Being Mortal: Medicine and What Matters in the End Audio CD – CD, Unabridged, Audiobook, 7 October 2014
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- ISBN-10 : 1427244235
- ISBN-13 : 978-8968331091
- Audio CD : 7 pages
- Language: : English
- Customer reviews:
About the Author
Atul Gawande is the author of The Checklist Manifesto, Better, and Complications. He is also a MacArthur Fellow, a general surgeon at Brigham and Women's Hospital, a staff writer at The New Yorker, and an assistant professor at Harvard Medical School and the Harvard School of Public Health. He lives with his wife and three children in Newton, Massachusetts.
Robert Petkoff has won multiple AudioFile Earphones awards for his acclaimed narrations. He was named Best Voice of Fiction & Classics for his reading of The Evolution of Bruno Littlemore by Benjamin Hale. His other narration credits include Oath of Office by Michael Palmer, Gangster Squad by Paul Lieberman, and books by David Foster Wallace.
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There is a tendency to treat old people like children which I realize now is usually very wrong. My dad is a diabetic and we (my siblings and I) have told him over and over that his diet of sugary cereal or cinnamon rolls and orange juice for breakfast and light store brand fruit yogurt with grapes and three cookies for lunch is not what he should be eating. He acts surprised every time we mention this, but doesn't change a thing because I now understand that he wants the independence of eating as he pleases. He has lost so much--can barely hear or see or walk, that he needs these very small pleasures to continue. I imagine he doesn't see the point in giving up anything else because he has so little left. My mother's memory is going and she has COPD, but somehow has lots of get up and go. She does a lot for my dad even though I suspect she is the sicker one. Being Mortal is making me think about the best way to help my parents which will probably start with asking them what they want.
One thing that surprised me completely was Dr. Gawande's statement that genetics is only a small part of reaching old age. Here I've been thinking that because my parents have lived so long that reaching old age is probably a no brainer for me. I have to think about that possiblity some more--a lot more.
This book has some touching stories about very sick people and how their lives ended. Unfortunately for many sick people the medical community is driven to act, but not necessarily to do what is best for the individual. It seems to me that they've forgotten "the do no harm" part of being a doctor. It seems to me it does harm people to ruin the time sick people have left.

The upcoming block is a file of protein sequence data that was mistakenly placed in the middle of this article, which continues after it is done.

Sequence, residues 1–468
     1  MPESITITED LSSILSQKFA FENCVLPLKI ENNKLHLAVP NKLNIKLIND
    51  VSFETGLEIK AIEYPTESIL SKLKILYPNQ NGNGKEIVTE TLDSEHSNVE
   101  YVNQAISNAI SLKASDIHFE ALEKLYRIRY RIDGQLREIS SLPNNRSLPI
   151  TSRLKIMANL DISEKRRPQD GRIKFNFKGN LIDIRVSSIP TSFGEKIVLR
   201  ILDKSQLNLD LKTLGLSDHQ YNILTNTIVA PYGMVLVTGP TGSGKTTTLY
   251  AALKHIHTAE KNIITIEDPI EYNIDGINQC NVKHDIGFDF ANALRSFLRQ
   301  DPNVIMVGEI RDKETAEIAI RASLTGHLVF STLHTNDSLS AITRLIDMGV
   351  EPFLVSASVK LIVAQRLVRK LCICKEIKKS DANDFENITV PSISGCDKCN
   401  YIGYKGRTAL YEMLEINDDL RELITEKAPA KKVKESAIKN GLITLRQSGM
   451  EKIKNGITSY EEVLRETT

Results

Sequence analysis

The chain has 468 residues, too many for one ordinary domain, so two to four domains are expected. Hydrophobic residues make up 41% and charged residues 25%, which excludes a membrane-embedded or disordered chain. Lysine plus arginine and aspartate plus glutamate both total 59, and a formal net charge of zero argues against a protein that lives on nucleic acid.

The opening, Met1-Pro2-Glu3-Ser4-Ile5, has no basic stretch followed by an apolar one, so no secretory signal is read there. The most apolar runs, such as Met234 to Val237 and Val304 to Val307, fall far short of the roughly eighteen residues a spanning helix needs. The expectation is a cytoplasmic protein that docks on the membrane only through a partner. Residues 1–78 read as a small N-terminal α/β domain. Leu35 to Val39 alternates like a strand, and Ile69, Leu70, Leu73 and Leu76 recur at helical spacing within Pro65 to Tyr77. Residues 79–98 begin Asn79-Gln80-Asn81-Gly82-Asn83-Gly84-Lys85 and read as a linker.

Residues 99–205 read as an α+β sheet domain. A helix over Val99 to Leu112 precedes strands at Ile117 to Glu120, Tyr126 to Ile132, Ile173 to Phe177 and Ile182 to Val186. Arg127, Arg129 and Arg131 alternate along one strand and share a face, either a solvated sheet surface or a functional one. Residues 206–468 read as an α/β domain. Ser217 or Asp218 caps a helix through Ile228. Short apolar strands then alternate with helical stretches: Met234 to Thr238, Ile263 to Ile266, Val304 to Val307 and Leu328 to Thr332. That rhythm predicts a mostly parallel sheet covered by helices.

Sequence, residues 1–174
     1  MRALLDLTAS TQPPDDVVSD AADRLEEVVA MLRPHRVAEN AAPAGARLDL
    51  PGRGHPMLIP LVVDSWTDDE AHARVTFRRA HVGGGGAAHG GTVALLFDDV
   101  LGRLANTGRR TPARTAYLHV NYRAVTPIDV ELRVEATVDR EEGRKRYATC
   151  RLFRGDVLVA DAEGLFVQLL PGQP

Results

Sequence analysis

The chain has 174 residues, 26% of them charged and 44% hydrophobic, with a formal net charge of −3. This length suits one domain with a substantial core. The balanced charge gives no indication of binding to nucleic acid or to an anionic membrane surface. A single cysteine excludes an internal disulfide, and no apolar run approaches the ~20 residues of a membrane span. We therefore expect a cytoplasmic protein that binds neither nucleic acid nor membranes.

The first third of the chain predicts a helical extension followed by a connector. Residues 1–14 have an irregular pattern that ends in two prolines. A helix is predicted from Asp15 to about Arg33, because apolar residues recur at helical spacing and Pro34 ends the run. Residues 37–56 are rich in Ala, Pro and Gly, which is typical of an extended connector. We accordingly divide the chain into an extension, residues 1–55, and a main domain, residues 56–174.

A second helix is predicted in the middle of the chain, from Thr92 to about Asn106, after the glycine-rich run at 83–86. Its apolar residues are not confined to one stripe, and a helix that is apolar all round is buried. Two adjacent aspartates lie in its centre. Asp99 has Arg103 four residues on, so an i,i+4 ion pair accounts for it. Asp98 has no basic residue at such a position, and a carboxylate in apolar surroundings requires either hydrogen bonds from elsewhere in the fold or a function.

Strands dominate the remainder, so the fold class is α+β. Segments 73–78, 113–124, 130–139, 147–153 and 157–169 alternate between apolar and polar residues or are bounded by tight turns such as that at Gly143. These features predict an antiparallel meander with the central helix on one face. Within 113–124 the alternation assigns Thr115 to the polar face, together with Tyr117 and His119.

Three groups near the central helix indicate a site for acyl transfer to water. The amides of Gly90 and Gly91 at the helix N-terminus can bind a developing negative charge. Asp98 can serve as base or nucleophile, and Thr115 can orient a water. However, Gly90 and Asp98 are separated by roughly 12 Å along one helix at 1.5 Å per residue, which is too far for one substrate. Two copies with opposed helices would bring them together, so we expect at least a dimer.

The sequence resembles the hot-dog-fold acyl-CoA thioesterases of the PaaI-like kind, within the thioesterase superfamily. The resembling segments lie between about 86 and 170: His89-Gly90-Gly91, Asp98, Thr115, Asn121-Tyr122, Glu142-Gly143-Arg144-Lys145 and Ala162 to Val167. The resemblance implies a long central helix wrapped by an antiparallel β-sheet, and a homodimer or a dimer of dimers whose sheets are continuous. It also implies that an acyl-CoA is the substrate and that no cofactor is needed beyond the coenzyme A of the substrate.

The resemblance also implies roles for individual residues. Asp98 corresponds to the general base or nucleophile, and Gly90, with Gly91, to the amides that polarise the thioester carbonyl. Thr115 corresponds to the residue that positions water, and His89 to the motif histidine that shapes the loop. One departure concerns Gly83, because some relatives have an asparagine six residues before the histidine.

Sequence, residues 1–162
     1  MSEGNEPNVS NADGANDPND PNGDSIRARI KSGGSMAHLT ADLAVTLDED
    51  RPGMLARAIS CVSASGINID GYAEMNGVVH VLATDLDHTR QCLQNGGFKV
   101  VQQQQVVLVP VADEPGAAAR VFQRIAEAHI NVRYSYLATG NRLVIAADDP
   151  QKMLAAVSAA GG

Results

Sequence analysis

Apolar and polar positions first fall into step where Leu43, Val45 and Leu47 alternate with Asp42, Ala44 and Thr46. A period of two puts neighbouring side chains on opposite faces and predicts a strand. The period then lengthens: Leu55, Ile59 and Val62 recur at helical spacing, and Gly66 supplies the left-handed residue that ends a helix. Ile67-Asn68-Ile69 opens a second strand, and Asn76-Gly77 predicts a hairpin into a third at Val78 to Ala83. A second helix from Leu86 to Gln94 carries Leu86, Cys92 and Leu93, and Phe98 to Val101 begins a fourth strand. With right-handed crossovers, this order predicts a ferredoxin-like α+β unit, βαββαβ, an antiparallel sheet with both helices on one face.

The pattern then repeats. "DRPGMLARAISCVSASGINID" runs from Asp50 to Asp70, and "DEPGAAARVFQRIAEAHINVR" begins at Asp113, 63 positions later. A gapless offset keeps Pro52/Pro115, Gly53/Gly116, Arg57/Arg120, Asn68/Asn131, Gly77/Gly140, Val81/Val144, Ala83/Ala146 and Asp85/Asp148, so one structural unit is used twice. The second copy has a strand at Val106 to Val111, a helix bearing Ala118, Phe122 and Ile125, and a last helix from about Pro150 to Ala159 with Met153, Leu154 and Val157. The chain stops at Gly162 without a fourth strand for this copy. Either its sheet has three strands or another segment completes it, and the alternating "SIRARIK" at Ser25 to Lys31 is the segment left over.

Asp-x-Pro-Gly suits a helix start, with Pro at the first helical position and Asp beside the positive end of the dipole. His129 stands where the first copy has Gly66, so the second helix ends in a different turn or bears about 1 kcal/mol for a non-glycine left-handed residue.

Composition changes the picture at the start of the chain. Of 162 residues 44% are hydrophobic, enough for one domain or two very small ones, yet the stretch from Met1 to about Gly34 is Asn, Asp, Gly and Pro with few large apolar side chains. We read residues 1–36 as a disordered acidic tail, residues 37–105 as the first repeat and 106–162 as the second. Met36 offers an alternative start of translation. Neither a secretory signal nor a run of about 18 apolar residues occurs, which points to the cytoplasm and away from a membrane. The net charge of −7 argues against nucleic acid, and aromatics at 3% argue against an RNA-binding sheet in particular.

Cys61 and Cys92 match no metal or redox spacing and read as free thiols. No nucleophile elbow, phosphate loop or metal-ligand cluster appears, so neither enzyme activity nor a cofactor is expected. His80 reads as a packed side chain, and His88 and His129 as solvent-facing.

A very through provoking book that will ultimately make me think about what I want when the end is near. I wish everyone would read it; especially medical people.
One can see the signs of aging as they appear on the outside: gray hair, age spots, and wrinkles. Dr. Gawande, a surgeon, also shares what he sees when he peers inside the body of an older patient. Each day some parts of the body die and are remade while others wear and change with constant use. What happens when the limitations of one's aging body require a change in one's lifestyle? There are now many choices and Dr. Gwande rails against settling for just safety and longevity, institutionalization and restriction. He relates the history of nursing homes and visits first-hand the many options for living a life of privacy and community, of vibrancy and purpose. He applauds those in the field of gerentology who have thought "outside the box" for the development of active communities for those who are aged and frail.
The reader experiences the morphing of Dr. Gawande from a mere practitioner to the son of a dying parent. How does a doctor broach the difficult end-of-life options with terminally ill patients and loved ones? The menu of medical options for treatment can be insufficient and it is essential that the practitioner also ask the patient what she or he wants most in the finite time remaining. Is it a mistake to prolong suffering or is it better to provide value in a shortened life? The author suggests that courage is required for both aging and sickness: the courage to confront the reality of mortality and the courage to act on the truth of that reality. Have the courage and the wisdom, dear reader, to explore these difficult topics presented in the pages of this transformative book.